Jordan Wolfson


Selected Press

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Newsmaker: Jordan Wolfson

Jordan Wolfson made waves with his debut exhibition at David Zwirner in New York in spring 2014. Alongside a series of abject ink-jet prints that looked as if they were plastered in bumper stickers purchased from an early 2000s Spencer Gifts and his 2012 video Raspberry Poser, in which animated renderings of a condom and the HIV virus dance through the streets of New York City while Beyoncé and Mazzy Star play at an intoxicating volume, he showed the animatronic sculpture (Female figure), a scuffed-up woman impaled on a stripper pole who speaks in Wolfson's voice and makes eye contact with viewers. It was a successful spectacle—in addition to accumulating seemingly innumerable buzzy headlines, one of three editions of (Female figure) sold to Eli and Edythe Broad—but not without pushback, Wolfson's work irking some for its perhaps aimless invocation of culturally loaded imagery: AIDS, sex work, and so on. The artist, now based in Los Angeles, will open his follow-up show at Zwirner on May 5. Modern Painters senior editor Thea Ballard spoke with Wolfson about his next animatronic venture, freedom, and the perils of thinking too hard.

Thea Ballard: Tell me about the piece you’re working on for this exhibition.

Jordan Wolfson: I began it about two years ago. The artwork is a figurative sculpture based on Huckleberry Finn, Alfred E. Neuman, and Howdy Doody. It's a cartoony life-size figure that’s almost like a piece of sports equipment. It has six points around the body, and it's rudimentarily animated from three of these points. It's similar to other characters I've used in my films, but it's ultimately a new character. It also has eyes, which are video screens with special glass lenses on top. It's able to make eye contact with viewers, like (Female figure). The character goes between anger and pain. Animated content plays in the video screens that serve as its eyes, along with live video footage I've shot. Formally, it's extremely glossy, reflective.

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The Man-Machine: Jordan Wolfson on His Giant New Robot, Hung by Chains at Zwirner

Last July I was at Jordan Wolfson's house in the Hollywood Hills, sharing a nice lunch with the artist outside by his pool, even though it was raining. Precipitation in Los Angeles is spoken of like a biblical plague when it's hypothetical, and maybe the driving gets a little dicier, but really, people just sort of shrug. The lawn guys constructing Wolfson's poolside garden worked during the drizzle.

Wolfson said he was working on a new show, and invited me to the studio, which is in Glendale, on the other side of Griffith Park, higher up where there's more space. I went a few days later. Wolfson's studio is at a Hollywood animatronics lab that specializes in creature effects and building out robotics models for movies. It's within a gigantic complex, a constellation of multiple jet-size hangars, and after finding the right one, I was brought down some mysterious hallways until opening the right door in the fun house, where Wolfson was talking with engineers who were testing structural solvency, and with tech guys troubleshooting plugging fiber optics capabilities into a giant head.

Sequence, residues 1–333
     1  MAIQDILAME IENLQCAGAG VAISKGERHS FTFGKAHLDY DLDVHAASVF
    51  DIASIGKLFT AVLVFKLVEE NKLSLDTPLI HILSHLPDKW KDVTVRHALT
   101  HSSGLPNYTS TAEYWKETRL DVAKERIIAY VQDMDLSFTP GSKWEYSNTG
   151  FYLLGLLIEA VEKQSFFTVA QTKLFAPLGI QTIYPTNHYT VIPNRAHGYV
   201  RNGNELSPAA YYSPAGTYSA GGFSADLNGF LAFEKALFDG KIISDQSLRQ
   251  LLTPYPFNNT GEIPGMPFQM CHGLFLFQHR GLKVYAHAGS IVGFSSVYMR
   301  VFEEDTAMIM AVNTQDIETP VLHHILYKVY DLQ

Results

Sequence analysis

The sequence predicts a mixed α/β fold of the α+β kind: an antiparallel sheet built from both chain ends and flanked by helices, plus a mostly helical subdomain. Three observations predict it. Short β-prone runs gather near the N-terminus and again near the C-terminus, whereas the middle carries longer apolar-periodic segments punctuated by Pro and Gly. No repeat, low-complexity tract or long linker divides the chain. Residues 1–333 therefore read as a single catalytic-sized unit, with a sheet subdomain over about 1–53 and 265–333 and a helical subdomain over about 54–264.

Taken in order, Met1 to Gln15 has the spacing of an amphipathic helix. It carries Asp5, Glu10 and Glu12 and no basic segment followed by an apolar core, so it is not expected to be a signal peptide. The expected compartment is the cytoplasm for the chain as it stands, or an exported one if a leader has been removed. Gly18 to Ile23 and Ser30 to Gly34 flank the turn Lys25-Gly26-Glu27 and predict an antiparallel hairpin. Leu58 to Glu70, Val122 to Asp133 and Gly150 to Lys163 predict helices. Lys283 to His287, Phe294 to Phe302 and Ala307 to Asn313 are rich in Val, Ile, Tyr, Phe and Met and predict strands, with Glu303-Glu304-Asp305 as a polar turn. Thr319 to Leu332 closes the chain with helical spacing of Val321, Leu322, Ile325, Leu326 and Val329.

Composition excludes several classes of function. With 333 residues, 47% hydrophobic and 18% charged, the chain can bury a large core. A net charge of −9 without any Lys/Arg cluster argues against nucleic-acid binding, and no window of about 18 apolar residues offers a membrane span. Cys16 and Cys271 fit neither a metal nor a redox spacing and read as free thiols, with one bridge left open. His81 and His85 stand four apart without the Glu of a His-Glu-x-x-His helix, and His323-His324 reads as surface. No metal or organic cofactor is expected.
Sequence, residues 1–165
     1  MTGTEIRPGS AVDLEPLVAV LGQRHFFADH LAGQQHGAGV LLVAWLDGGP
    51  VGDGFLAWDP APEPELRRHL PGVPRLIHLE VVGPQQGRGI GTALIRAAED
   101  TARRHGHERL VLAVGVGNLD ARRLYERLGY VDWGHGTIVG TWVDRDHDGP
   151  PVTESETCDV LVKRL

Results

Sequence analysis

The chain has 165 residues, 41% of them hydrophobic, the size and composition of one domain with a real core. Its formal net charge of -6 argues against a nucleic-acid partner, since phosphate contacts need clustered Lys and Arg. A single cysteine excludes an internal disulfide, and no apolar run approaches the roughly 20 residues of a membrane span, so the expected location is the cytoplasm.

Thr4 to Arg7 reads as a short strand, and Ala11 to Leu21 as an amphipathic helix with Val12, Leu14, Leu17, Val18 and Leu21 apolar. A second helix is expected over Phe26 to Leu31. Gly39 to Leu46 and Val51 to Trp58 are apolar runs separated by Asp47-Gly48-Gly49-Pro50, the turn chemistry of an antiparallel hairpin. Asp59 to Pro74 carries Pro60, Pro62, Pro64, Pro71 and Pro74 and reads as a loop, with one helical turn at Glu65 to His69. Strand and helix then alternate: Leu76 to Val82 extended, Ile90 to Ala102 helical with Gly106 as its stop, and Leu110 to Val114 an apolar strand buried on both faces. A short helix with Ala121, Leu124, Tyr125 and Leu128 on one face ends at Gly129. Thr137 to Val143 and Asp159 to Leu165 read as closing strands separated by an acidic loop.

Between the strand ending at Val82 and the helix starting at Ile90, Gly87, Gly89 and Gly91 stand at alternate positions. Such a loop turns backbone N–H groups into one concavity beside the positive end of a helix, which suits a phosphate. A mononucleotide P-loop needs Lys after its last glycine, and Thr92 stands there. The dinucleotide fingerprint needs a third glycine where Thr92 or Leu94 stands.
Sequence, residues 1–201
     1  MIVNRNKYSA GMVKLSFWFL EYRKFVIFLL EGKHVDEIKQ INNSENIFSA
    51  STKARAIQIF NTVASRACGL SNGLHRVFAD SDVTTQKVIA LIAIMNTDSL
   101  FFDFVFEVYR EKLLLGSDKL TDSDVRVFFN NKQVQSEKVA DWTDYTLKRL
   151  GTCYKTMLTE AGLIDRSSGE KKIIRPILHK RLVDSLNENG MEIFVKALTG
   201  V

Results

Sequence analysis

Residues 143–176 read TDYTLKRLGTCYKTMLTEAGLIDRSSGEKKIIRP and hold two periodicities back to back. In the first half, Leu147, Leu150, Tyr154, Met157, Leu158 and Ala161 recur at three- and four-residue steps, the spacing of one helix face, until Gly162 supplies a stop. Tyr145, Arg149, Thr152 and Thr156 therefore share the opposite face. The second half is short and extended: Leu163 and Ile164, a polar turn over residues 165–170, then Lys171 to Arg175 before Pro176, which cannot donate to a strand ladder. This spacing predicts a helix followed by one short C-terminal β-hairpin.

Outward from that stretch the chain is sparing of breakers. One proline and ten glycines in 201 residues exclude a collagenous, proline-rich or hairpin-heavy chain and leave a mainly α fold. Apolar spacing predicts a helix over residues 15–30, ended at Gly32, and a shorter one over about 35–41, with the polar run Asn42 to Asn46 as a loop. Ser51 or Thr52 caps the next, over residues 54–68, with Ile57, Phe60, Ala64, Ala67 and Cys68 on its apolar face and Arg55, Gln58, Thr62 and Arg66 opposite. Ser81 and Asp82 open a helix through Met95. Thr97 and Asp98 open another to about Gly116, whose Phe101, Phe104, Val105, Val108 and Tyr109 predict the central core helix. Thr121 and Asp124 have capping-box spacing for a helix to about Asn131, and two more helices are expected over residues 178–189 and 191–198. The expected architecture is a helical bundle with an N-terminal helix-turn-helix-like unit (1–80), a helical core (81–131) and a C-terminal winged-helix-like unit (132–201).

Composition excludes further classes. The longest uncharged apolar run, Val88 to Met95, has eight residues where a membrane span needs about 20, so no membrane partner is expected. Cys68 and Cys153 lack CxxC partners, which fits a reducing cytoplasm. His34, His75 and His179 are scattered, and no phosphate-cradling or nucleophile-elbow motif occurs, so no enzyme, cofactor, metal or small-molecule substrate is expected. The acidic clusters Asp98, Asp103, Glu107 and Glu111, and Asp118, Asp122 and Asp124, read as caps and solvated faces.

Then Wolfson showed me a model of a gallery, about the height of his forearm. The model had steel beams going horizontal with gurneys stuck to their undersides, through which cables zipped by. These cables were affixed to a figure that they would dangle, spin, jerk, and then drop hard on the floor, repeatedly. The figure, Wolfson told me, was supposed to represent Huck Finn.

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Representation, arousal, violence, theatricality—all are called into question by the artist’s works, created by choosing to always feel more.

Beatrix Ruf: Jordan, I was wondering if we could start with Infinite Melancholy (2003). When I first saw Colored sculpture (2016), I was reminded of all the works you have done with melancholy, sadness and anger, but also of the tools you used for creating a space where you deal with melancholic content.

Jordan Wolfson: I never set out to make melancholic, sad or violent artwork. I just found that there was a kind of euphoric physical expression one could have when looking at things that carried a certain kind of movement, a certain type of spectacle. For example, with Colored sculpture, the violence isn't simulated violence. It's real violence, and I think that has the potential to have a euphoric effect on the viewer. And in works like Infinite Melancholy, there's a similar type of dropping sensation, and also a formal or visual expansiveness that's happening, which also makes a kind of encounter with the viewer's body. I won't say the works aren't melancholic or sad, but I never think of them that way. I’ve never tried for that.

So melancholy not as a goal, but as part of a movement, almost as a theatrical element?

It's just the shape the work took as it came out of me. Maybe it's the shape of my paintbrush, or even myself at the time—and that shape changes; it becomes different because I'm different too. I think the emotional texture of my work now that I'm 36 is different than it was when I was 24.

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